The Clinton administration typifies the new affirmative action: it's less about giving individuals a leg up, and more about creating models of diversity, like the bomber crews in World War II movies. Outside Washington, the old affirmative action still chugs along, and the status quo hasn't changed much there, either. For blacks, in fact, unemployment has gotten worse relative to whites, and white men with high-school degrees saw their incomes drop by some 25 percent during the 1980s. As Queens College political scientist Andrew Hacker wrote in "Two Nations" (1992), one indisputable accomplishment of affirmative action has been "to pit whites with modest aspirations against blacks who want better lives for themselves". Just drop by your local firehouse. "They stole my pay, they stole my promotion", says a white firefighter in Miami, "and I couldn't say I didn't like it. White guys are being pushed around big time to make up for past wrongs. If you're black and belong to a black group, you're an activist. If you're white and you belong to a white group, you're an asshole. Nobody supports the KKK -- I don't -- but there's nothing for a white guy to join. A few years ago, I was a walking keg of dynamite; I was the Rolaids king. If I talk too much about this I start getting wound up and I can't sleep".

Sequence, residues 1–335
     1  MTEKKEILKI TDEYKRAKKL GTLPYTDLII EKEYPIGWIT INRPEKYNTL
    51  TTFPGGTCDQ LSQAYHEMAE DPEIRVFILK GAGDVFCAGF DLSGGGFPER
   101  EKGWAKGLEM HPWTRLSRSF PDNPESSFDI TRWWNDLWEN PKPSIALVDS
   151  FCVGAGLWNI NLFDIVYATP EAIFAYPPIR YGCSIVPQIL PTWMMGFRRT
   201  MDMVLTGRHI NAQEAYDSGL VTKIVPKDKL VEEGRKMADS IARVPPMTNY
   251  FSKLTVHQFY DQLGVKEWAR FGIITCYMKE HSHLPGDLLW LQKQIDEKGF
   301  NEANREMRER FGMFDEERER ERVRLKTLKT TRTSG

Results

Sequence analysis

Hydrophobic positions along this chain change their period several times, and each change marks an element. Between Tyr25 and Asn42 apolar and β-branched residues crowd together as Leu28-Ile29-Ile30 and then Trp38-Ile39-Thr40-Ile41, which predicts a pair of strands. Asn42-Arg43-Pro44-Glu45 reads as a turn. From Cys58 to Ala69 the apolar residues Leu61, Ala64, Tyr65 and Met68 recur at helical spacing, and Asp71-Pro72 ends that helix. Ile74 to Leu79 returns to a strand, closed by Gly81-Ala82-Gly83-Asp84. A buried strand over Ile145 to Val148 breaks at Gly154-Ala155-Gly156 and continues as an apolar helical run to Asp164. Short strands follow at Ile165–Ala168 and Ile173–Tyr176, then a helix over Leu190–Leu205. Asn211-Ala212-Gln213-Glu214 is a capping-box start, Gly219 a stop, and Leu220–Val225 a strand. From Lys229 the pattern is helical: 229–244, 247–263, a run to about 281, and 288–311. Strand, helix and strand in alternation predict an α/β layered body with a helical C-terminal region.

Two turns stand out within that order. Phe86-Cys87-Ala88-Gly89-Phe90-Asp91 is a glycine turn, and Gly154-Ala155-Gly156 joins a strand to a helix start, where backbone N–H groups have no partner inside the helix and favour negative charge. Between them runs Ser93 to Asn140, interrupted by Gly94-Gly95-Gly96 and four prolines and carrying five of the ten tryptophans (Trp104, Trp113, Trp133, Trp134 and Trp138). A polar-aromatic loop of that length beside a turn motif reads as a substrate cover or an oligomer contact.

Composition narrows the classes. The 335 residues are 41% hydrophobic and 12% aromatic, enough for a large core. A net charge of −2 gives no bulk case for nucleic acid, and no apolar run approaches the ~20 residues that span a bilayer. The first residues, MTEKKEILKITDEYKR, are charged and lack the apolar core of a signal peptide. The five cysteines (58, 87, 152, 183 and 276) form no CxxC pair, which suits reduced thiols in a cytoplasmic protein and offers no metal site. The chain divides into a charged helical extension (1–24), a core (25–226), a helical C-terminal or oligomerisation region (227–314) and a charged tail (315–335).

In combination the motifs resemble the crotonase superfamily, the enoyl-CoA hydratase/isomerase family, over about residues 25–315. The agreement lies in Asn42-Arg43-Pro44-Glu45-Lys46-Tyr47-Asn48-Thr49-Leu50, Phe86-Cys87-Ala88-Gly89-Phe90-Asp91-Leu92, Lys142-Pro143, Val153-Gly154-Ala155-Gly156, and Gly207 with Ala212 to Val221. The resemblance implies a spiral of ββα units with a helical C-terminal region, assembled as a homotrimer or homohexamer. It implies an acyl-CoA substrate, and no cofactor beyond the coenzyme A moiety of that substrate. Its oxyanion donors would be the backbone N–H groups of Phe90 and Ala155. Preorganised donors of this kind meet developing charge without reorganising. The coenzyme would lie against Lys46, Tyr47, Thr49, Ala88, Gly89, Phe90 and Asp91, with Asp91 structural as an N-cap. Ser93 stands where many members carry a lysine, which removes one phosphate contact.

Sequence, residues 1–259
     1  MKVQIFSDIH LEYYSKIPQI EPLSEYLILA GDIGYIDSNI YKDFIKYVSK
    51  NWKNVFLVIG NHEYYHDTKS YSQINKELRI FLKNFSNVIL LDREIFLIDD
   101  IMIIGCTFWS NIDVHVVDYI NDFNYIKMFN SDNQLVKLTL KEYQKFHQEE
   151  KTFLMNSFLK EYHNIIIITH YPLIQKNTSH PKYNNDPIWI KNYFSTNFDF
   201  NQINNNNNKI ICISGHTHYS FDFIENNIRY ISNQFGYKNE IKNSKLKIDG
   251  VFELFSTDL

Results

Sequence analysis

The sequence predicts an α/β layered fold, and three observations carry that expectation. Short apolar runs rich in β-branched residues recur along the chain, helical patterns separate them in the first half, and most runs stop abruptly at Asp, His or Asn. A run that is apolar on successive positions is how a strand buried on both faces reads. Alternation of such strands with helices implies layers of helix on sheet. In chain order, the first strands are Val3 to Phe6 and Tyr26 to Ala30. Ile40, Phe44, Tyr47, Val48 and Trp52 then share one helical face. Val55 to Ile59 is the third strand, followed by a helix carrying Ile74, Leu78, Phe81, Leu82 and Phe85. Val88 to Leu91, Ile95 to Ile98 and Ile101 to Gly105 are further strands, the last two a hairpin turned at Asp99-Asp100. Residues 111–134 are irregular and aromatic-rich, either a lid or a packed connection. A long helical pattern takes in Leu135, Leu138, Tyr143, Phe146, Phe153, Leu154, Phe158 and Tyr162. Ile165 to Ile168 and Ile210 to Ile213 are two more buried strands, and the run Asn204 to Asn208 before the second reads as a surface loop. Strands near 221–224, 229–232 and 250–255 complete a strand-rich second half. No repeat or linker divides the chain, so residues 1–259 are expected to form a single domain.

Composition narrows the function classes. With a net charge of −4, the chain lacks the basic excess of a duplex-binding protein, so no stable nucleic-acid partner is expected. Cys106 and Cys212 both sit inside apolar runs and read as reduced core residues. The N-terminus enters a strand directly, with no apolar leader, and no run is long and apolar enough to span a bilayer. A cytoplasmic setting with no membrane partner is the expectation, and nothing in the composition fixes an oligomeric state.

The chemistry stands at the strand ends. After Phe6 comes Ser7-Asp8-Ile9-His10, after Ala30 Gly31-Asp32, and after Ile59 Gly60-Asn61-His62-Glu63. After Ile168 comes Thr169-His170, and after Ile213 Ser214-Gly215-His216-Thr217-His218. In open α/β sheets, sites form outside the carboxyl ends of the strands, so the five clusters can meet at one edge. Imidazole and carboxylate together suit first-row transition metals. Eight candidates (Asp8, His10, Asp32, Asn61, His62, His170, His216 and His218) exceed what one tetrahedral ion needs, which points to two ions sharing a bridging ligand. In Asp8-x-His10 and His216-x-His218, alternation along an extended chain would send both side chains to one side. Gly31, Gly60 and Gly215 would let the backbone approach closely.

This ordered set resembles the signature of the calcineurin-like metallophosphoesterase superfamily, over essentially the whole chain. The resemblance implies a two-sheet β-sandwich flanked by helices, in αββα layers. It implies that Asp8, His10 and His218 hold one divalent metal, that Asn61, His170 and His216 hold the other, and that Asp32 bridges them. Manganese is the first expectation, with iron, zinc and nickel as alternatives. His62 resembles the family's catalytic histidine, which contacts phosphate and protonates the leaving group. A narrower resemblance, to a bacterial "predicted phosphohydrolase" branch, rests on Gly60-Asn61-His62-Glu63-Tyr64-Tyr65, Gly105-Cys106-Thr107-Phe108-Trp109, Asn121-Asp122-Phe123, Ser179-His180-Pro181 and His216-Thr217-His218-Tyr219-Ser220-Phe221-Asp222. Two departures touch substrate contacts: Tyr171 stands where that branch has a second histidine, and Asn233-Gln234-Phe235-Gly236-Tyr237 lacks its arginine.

Richard Wagner, 55, president of the Chicago Fire Fighters Union, is worried that he, too, will be passed over. If he makes lieutenant, he says, "maybe I can send my daughter to something better than a state college. When I go to retire, maybe I can make $600 a month instead of $300 a month". Wagner insists he's all for affirmative action. "But I'm only second generation in this country", he says. "I didn't own any slaves, I didn't have anything to do with that. Now I'm being made to pay for these atrocities?" Working-class white males used to feel crowded chiefly by blacks, but Steve, 29, who sold his Jeep CJ7 to put himself through police academy at a San Francisco-area community college, has been losing out to women. He was a finalist for a job in a rural northern California town, but got bumped down the list by three women he says didn't go through the same application process. "When they take the chance that I had and allot it to three women just because they're female, that burns me up", he says. "I got shot out of the saddle."